Look at the workmanship of him in some of its particulars. What are his tonsils for? They perform no useful function; they have no value. They are but a trap for tonsilitis and quinsy. And what is the appendix for? It has no value. Its sole interest is to lie and wait for stray grape-seeds and breed trouble. What is his beard for? It is just a nuisance. All nations persecute it with the razor. Nature, however, always keeps him supplied with it, instead of putting it on his head, where it ought to be. You seldom see a man bald-headed on his chin, but on his head. A man wants to keep his hair. It is a graceful ornament, a comfort, the best of all protections against weather, and he prizes it above emeralds and rubies, and Nature half the time puts it on so it won't stay.
"Man's sight and smell and hearing are all inferior. If he were suited to the conditions he could smell an enemy; he could hear him; he could see him, just as the animals can detect their enemies. The robin hears the earthworm burrowing his course under the ground; the bloodhound follows a scent that is two days old. Man isn't even handsome, as compared with the birds; and as for style, look at the Bengal tiger--that ideal of grace, physical perfection, and majesty. Think of the lion and the tiger and the leopard, and then think of man--that poor thing!--the animal of the wig, the ear-trumpet, the glass eye, the porcelain teeth, the wooden leg, the trepanned skull, the silver wind-pipe--a creature that is mended and patched all over from top to bottom. If he can't get renewals of his bric-a-brac in the next world what will he look like? He has just that one stupendous superiority--his imagination, his intellect. It makes him supreme--the higher animals can't match him there. It's very curious."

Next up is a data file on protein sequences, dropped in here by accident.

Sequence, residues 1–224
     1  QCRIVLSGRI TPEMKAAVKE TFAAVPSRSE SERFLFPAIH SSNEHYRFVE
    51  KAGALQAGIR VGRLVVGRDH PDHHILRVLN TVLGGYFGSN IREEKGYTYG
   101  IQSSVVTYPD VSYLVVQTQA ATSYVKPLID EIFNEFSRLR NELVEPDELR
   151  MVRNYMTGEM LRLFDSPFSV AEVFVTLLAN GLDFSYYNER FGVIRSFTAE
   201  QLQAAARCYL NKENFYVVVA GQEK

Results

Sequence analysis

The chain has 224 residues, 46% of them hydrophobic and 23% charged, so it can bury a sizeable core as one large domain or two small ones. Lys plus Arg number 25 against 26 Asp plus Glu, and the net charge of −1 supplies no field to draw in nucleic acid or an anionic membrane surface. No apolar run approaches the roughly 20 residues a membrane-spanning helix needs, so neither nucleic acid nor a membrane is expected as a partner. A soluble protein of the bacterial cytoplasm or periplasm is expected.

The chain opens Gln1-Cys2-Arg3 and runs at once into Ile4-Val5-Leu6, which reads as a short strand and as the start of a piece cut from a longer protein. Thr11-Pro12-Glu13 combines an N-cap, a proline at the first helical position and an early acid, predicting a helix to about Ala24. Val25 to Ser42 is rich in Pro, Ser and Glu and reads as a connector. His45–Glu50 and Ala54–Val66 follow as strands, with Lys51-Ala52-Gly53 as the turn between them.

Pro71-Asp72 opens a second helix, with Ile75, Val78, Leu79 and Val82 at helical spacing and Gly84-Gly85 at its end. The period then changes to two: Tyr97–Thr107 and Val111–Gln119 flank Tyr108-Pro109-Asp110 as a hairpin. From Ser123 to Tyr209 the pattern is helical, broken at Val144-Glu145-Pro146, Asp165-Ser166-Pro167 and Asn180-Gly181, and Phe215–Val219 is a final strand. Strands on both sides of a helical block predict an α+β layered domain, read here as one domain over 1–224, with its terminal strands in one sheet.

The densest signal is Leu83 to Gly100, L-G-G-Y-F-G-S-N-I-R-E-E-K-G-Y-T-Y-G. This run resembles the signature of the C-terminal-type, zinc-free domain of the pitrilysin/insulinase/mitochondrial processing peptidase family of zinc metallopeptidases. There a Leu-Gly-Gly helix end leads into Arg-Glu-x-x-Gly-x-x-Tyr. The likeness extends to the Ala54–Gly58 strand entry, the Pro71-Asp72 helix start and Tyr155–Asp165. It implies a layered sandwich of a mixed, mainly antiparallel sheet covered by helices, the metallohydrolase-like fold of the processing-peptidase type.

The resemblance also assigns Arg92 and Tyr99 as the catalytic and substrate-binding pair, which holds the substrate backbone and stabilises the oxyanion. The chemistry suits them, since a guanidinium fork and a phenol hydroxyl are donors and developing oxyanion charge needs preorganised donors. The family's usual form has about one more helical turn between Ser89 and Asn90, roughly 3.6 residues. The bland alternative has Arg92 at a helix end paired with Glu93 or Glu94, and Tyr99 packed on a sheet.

A letter which he wrote to J. Howard Moore concerning his book The Universal Kinship was of this period, and seems to belong here.
DEAR MR. MOORE, The book has furnished me several days of deep pleasure & satisfaction; it has compelled my gratitude at the same time, since it saves me the labor of stating my own long-cherished opinions & reflections & resentments by doing it lucidly & fervently & irascibly for me.
There is one thing that always puzzles me: as inheritors of the mentality of our reptile ancestors we have improved the inheritance by a thousand grades; but in the matter of the morals which they left us we have gone backward as many grades. That evolution is strange & to me unaccountable & unnatural. Necessarily we started equipped with their perfect and blemishless morals; now we are wholly destitute; we have no real morals, but only artificial ones-- morals created and preserved by the forced suppression of natural & healthy instincts. Yes, we are a sufficiently comical invention, we humans.
Sincerely yours, S. L. CLEMENS.
AN EVENING WITH HELEN KELLER
I recall two pleasant social events of that winter: one a little party given at the Clemenses' home on New-Year's Eve, with charades and story- telling and music. It was the music feature of this party that was distinctive; it was supplied by wire through an invention known as the telharmonium which, it was believed, would revolutionize musical entertainment in such places as hotels, and to some extent in private houses. The music came over the regular telephone wire, and was delivered through a series of horns or megaphones--similar to those used for phonographs--the playing being done, meanwhile, by skilled performers at the central station. Just why the telharmonium has not made good its promises of popularity I do not know. Clemens was filled with enthusiasm over the idea. He made a speech a little before midnight, in which he told how he had generally been enthusiastic about inventions which had turned out more or less well in about equal proportions.